Roseate Terns are declining across the Caribbean, and we don’t know why. Are population declines due to low nest success at colony sites, or to low adult survival on wintering grounds? The breeding season is only part of a Roseate Tern’s year, and come August they will leave the Virgin Islands. Band returns have indicated that the birds travel to wintering grounds in South America, but we know very little about their non-breeding movements. Roseate Terns are smaller and lighter than other terns, and this has made following their movements using technology like satellite tags difficult. To answer some of the larger questions regarding population health and movement, we’re turning to another source: DNA. Caribbean Roseate Terns aren’t alone in North America—there is also a well-studied population in New England. These two populations are believed to share wintering grounds, but aren’t thought to interbreed. Such isolation is unusual for such far-flying seabirds, particularly as it’s thought that the migratory pathway of the Northeastern population takes them through the Caribbean. We’re partnering with agencies in the US to determine relatedness between Caribbean and Northeastern Roseate Terns through genetic analysis. Genetic information will give us a better idea of the population health of Caribbean Roseate Terns, and will provide some intriguing clues on who they’re mixing with on their wintering grounds, which might better help us understand where they’re going.
Which brings us back to that first morning of sampling. It’s best to get blood from chicks less than 3 days old. Younger chicks are easier to catch, and their skin is thinner and easier to pierce with a needle. They also seem to heal more quickly, with bleeding stopping within seconds—sometimes too quickly for me to get a full sample. All these sampling considerations make geneticist researchers like myself sound particularly, well, bloodthirsty, and have led to us being characterized as “vampires.” It’s a nickname I’ll proudly answer to, knowing as I do all the amazing secrets hidden in that remarkable substance. Unlike mammal blood, avian blood is nucleated, meaning that every blood cell contains copies of DNA. That DNA can tell us the history of an entire species and beyond, if only we can find exactly the right questions to ask and the right tools for answering them.
Figuring out the best timing for our DNA sampling required four separate boat excursions to locate the most accessible tern colony and estimate when the majority of eggs would hatch. After deciding that LeDuck island would be the best candidate for sampling, we returned early one morning to swim our gear onto the islands in waterproof coolers, then hiked through waist-length thorny brush to reach the terns. I set up my sampling station on a flat boulder, and Daniel and my visiting husband worked the colony, locating the tiny chicks and bringing them to me bundled up in hats, hands, pockets, and bandanas. We moved between colony sections to allow anxious tern parents to return to their nests, working as quickly as possible to minimize stress to the colony.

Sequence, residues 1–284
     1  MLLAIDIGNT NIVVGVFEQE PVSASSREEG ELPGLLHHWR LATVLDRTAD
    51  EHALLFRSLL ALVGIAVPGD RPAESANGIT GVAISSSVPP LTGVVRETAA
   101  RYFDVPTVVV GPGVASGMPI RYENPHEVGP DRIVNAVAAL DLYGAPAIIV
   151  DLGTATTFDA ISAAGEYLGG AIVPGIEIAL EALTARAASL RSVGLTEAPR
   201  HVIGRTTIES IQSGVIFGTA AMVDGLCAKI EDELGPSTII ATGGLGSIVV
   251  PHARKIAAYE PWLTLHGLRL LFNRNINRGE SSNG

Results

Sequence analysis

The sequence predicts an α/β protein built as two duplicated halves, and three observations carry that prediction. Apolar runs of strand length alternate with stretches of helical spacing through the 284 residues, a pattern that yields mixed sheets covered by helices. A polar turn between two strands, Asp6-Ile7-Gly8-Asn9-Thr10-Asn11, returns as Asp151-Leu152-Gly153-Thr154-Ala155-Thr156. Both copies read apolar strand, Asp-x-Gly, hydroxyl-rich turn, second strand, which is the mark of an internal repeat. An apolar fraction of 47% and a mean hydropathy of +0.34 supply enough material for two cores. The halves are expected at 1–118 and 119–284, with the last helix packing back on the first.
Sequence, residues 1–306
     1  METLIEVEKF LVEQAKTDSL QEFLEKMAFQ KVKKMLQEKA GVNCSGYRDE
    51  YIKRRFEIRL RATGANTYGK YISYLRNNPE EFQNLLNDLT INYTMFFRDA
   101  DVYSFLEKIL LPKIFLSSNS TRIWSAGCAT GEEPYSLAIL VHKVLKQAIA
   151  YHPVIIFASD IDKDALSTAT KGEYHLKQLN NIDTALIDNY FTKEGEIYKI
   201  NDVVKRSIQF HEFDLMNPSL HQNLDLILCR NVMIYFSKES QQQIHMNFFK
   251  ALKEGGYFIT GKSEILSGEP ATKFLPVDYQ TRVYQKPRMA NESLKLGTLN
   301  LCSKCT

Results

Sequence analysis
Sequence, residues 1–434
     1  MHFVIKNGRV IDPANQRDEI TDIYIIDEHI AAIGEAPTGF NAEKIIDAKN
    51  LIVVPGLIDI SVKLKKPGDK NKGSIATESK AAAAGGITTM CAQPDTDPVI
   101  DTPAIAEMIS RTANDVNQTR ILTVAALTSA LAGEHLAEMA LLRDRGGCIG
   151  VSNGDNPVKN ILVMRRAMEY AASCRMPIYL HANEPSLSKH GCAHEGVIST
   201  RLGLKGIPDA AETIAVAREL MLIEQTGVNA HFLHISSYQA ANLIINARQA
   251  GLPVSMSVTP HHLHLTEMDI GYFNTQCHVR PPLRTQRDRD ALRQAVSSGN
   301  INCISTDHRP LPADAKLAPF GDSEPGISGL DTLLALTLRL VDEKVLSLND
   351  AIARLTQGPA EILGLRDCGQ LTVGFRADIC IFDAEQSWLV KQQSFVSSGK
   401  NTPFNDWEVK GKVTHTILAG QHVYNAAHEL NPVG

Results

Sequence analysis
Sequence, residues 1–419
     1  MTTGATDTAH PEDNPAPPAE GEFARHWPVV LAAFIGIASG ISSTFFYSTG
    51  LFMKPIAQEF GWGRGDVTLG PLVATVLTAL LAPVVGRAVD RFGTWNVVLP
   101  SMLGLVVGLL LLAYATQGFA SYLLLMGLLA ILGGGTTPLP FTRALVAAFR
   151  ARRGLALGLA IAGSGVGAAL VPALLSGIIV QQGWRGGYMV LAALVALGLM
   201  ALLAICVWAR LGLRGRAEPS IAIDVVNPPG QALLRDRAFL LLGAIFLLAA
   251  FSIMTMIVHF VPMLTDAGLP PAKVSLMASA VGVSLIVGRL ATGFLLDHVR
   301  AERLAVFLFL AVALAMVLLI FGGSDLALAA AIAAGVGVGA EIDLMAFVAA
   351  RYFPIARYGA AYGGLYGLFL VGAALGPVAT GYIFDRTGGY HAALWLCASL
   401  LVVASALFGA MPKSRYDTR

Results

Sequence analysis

In all the haste, I still made sure to take a moment to breathe, look around, and enjoy the view. All that research planning, all those questions, came down to two short hours in the field and those 30 precious vials of blood. A year of collaborative effort went into my sitting on that boulder, first chick in hand, and I wanted to make sure that I took the time to appreciate it. After the Birds Caribbean conference in Cuba (hope to see you there!) I’ll be heading back to Louisiana to lock myself in the lab and get started on analyzing all this data. I’m so excited to see where these results take us, and look forward to sharing my findings with you all in the future!
Paige Byerly is a PhD student at the University of Louisiana at Lafayette. Her research investigating genetic diversity among Roseate Terns in the Virgin Islands is supported by a grant from the BirdsCaribbean David S. Lee Fund and a research fellowship from the National Science Foundation. The Caribbean Roseate Tern, is a threatened metapopulation of Sterna dougallii dougallii, and thought to be declining across its range. Her research will help conservationists better understand the migratory ecology and population vulnerability of Roseate Terns.